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April 15, 2022

Covid-19 roundup: Experimental drug may halve death rates for hospitalized patients

Daily Briefing

    A study finds that inflammation from Covid-19—not the coronavirus itself—may be the cause of a loss of smell in Covid-19 patients, CDC data shows some people who had been infected by delta were also later infected by omicron, and more in this week's roundup of Covid-19 news.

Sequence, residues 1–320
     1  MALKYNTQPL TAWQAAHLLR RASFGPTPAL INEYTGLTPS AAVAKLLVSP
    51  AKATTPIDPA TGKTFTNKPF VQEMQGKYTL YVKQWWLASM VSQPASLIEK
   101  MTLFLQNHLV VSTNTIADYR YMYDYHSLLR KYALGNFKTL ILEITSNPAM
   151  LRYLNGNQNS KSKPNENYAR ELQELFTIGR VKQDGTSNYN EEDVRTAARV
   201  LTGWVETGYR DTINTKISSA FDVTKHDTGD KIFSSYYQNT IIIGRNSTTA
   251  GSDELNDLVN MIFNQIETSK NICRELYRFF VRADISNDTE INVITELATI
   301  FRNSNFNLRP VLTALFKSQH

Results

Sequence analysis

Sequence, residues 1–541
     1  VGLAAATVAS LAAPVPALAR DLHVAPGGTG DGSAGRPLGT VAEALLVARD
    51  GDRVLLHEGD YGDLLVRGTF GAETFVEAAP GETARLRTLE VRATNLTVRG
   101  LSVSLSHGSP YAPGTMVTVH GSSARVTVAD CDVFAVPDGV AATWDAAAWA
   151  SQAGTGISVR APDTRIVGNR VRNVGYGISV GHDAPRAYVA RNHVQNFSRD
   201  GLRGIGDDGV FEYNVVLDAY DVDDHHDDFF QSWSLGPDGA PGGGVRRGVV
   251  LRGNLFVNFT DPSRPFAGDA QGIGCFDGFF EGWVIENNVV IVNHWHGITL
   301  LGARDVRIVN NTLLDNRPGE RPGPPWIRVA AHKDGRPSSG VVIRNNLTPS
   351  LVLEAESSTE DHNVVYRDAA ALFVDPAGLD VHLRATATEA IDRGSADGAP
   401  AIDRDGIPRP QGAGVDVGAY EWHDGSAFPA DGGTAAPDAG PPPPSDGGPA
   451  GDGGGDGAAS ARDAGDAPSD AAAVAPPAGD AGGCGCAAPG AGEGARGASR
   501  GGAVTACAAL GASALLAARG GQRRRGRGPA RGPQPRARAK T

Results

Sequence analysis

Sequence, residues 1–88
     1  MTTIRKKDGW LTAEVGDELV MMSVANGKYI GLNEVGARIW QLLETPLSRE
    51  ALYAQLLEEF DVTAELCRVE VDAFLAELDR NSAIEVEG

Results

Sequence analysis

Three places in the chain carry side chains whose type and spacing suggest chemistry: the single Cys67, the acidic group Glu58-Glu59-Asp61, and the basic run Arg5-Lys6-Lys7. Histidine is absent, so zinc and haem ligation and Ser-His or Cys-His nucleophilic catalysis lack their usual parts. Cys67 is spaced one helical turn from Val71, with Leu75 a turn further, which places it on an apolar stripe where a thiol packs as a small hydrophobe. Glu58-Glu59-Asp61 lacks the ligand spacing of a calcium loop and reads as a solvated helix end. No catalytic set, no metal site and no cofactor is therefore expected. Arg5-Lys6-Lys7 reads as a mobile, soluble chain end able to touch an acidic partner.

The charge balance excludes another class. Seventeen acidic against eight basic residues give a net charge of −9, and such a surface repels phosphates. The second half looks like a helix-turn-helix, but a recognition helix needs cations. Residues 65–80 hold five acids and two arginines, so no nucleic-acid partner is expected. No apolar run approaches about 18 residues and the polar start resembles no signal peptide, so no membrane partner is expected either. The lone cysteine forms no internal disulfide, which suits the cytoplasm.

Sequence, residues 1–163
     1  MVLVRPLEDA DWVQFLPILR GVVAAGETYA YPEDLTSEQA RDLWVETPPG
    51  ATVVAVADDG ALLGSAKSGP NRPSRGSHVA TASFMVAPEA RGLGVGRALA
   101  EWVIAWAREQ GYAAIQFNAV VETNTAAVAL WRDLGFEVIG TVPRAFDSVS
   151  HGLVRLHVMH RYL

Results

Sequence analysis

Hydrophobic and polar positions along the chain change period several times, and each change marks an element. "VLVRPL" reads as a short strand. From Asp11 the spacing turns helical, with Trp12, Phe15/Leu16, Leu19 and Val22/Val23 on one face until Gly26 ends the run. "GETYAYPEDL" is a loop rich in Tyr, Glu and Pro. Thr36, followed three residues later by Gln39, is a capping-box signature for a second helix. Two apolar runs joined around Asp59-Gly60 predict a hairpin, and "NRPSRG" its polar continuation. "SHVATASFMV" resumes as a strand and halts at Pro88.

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    • The rates of myopericarditis after Covid-19 vaccination were relatively low and comparable to rates seen in other types of vaccinations, according to a systemic review and meta-analysis published in Lancet Respiratory Medicine. For the analysis, researchers examined 22 studies from Jan. 1, 1947, to Dec. 31, 2021, that included over 400 million vaccine doses to determine the incidence of myopericarditis after receiving Covid-19 vaccines compared with non-Covid vaccines. Overall, rates of myopericarditis after vaccination were 33 cases per million doses, with the highest rates being after smallpox vaccination at 132.1 cases per million doses. For Covid-19 vaccines, the rate of myopericarditis was 18.2 cases per million doses. The rate was higher among those who received mRNA Covid-19 vaccines (22.6 cases per million doses), who were younger than 30 (40.9 per million), or were male (23 per million). "The occurrence of myopericarditis following non-Covid-19 vaccination could suggest that myopericarditis is a side effect of the inflammatory processes induced by any vaccination and is not unique to the SARS-CoV-2 spike proteins in Covid-19 vaccines or infection," said Jyoti Somani, a co-author of the study from National University Hospital in Singapore. (Walker, MedPage Today, 4/11)